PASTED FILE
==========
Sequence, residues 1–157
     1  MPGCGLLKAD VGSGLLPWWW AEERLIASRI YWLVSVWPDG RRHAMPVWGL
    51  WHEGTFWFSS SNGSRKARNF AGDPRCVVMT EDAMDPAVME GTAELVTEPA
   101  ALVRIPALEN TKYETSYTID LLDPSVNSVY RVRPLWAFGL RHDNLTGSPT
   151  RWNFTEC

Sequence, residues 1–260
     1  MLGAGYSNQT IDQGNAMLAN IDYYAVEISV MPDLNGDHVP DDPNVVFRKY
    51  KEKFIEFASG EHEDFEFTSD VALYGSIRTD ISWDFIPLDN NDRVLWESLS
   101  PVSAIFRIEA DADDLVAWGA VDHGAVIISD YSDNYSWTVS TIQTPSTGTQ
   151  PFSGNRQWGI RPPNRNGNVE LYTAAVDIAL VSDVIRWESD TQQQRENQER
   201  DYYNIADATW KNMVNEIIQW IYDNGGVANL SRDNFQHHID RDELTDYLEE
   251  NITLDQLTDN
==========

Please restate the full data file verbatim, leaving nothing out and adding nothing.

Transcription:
Sequence, residues 1–157
     1  MPGCGLLKAD VGSGLLPWWW AEERLIASRI YWLVSVWPDG RRHAMPVWGL
    51  WHEGTFWFSS SNGSRKARNF AGDPRCVVMT EDAMDPAVME GTAELVTEPA
   101  ALVRIPALEN TKYETSYTID LLDPSVNSVY RVRPLWAFGL RHDNLTGSPT
   151  RWNFTEC

Sequence, residues 1–260
     1  MLGAGYSNQT IDQGNAMLAN IDYYAVEISV MPDLNGDHVP DDPNVVFRKY
    51  KEKFIEFASG EHEDFEFTSD VALYGSIRTD ISWDFIPLDN NDRVLWESLS
   101  PVSAIFRIEA DADDLVAWGA VDHGAVIISD YSDNYSWTVS TIQTPSTGTQ
   151  PFSGNRQWGI RPPNRNGNVE LYTAAVDIAL VSDVIRWESD TQQQRENQER
   201  DYYNIADATW KNMVNEIIQW IYDNGGVANL SRDNFQHHID RDELTDYLEE
   251  NITLDQLTDN